If the accused’s action were caused by threats, the defence of duress may be available. Duress may make the offence involuntary.
The threats must generally be of serious violence, serious injury or death. It may be one of immediate death or personal violence which is so great as to overbear the ordinary powers of human resistance. However, in principle, there is no limitation of the potential threats which may qualify for duress.
The threats must be such as would overbear the will of a reasonable person. It is not clear whether and to what extent regard may be had to the particular weakness of the individual accused.
The person must have a reasonable level of fortitude. It has been suggested that the object of test should be applied, with reference to a person with the same age, gender, and physical health as the accused.
The threat must be immediate and relate to injury or death. Threats to property or threats to expose a person to ridicule or defamation are insufficient. Generally, there would be some kind of emergency so that the person threatened the accused has no alternative.
Some courts have taken a view that the threat to the defendant, his family or another for whom he is responsible only will suffice for the defence of duress to succeed. Other courts have taken a view that this is unduly restrictive and that there are circumstances where threats to third parties may be sufficient.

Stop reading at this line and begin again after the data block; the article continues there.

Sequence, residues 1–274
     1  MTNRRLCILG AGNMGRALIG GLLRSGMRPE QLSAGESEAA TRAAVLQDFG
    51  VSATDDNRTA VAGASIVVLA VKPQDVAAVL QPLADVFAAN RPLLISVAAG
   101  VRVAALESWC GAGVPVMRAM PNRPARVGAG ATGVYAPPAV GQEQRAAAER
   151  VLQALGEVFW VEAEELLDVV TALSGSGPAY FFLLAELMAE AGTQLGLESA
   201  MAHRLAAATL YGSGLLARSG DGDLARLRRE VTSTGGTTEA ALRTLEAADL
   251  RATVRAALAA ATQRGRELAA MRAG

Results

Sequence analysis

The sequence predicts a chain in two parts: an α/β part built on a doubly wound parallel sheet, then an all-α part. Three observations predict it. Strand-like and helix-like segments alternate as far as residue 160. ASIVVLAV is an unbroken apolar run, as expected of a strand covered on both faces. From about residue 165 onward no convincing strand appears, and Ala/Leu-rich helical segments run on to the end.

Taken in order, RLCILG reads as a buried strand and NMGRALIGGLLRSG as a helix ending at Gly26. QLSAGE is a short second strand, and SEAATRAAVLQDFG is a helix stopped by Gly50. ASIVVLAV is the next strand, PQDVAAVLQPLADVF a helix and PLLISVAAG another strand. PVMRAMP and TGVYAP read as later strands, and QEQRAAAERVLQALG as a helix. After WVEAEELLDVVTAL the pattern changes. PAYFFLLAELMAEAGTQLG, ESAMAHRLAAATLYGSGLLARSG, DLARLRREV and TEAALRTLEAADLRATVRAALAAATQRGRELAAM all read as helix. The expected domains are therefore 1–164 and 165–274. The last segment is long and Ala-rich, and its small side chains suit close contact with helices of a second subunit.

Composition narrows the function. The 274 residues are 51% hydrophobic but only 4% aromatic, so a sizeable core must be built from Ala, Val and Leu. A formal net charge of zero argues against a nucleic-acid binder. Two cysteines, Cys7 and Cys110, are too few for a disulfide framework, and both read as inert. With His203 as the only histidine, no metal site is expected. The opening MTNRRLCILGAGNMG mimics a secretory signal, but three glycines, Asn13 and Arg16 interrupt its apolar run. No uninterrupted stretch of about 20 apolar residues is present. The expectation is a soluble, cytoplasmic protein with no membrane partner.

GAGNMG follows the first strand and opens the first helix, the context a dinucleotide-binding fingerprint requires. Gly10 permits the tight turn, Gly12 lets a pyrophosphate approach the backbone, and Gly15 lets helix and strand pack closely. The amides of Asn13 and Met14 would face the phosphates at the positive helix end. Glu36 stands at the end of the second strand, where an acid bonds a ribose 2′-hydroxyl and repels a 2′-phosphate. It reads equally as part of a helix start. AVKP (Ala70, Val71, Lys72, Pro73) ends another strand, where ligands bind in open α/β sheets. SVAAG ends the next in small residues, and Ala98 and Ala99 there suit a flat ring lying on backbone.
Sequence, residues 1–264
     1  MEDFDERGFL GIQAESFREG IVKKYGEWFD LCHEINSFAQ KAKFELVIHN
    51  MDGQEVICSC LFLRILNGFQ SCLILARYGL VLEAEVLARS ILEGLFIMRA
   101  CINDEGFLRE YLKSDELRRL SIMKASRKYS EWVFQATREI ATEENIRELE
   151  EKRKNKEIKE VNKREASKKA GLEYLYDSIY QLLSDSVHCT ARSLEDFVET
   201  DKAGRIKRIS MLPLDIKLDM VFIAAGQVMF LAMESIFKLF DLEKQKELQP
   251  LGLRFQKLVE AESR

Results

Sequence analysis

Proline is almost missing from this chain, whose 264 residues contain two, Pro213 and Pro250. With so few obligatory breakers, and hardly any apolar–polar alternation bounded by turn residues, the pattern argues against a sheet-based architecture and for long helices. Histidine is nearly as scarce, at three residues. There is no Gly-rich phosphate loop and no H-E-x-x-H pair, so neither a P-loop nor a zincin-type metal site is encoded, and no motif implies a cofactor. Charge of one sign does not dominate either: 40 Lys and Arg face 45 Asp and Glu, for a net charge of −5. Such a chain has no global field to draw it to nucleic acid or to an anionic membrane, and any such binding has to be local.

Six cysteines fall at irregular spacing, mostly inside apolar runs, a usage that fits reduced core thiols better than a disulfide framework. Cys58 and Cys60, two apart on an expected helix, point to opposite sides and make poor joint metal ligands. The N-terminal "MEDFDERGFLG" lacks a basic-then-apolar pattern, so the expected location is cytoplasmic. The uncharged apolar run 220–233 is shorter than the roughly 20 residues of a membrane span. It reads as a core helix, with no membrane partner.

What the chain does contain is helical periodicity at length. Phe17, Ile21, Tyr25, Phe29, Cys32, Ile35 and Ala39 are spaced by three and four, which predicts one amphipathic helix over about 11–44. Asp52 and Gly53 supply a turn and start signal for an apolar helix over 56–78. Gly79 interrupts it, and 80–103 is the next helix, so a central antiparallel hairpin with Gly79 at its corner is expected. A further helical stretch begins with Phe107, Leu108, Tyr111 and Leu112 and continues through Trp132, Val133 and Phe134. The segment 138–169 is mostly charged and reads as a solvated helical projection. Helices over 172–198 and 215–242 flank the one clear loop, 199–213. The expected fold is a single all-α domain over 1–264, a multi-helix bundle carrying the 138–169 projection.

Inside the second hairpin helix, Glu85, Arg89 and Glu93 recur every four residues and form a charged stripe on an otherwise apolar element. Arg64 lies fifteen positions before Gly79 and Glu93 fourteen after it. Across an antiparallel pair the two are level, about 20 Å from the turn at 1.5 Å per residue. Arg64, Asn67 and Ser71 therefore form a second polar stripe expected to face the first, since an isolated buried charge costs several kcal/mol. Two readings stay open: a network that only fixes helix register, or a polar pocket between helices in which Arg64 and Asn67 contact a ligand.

The threat must be imminent and immediate. It must be capable of being carried out within a short time. It is not enough that threatening circumstances may exist at a later date or that there may be consequences in terms of retaliation in the very near future.
It must be shown that the accused will was overborne by the threats. When the threats cease, so does the duress. A person may be obliged to take steps to cease the unlawful behaviour once the duress ceases. However in many cases, may be reasonable, to wait a certain time.
The Irish courts held that if an individual has the opportunity to escape from duress, but fails to do so, the defence may not be available.
If a person voluntarily exposes himself to threats and dangerous situations, he may be denied the defence of duress. Where a person is a member of a gang and participates out of fear of reprisal, he is unlikely to be able to avail of a defence of duress. If a reasonable person is aware of the risk that such threats or compulsion may arise, the defence will not be available. Otherwise the defence of duress would turn into a charter for gang leaders and terrorists.
The English courts have held that duress is not available as a defence to murder, attempted murder or some forms of treason. The Irish courts have stated the defence of duress is not available in relation to murder.